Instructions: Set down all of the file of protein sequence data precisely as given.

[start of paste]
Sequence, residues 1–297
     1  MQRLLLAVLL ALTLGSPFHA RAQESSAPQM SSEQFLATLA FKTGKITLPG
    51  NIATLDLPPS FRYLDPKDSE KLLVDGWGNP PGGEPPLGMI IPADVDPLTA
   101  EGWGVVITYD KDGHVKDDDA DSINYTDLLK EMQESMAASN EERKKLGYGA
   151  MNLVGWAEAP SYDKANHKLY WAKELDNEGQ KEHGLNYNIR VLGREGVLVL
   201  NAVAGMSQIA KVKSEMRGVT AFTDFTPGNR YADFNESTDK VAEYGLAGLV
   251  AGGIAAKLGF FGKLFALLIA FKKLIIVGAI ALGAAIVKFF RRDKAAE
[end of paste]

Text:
Sequence, residues 1–297
     1  MQRLLLAVLL ALTLGSPFHA RAQESSAPQM SSEQFLATLA FKTGKITLPG
    51  NIATLDLPPS FRYLDPKDSE KLLVDGWGNP PGGEPPLGMI IPADVDPLTA
   101  EGWGVVITYD KDGHVKDDDA DSINYTDLLK EMQESMAASN EERKKLGYGA
   151  MNLVGWAEAP SYDKANHKLY WAKELDNEGQ KEHGLNYNIR VLGREGVLVL
   201  NAVAGMSQIA KVKSEMRGVT AFTDFTPGNR YADFNESTDK VAEYGLAGLV
   251  AGGIAAKLGF FGKLFALLIA FKKLIIVGAI ALGAAIVKFF RRDKAAE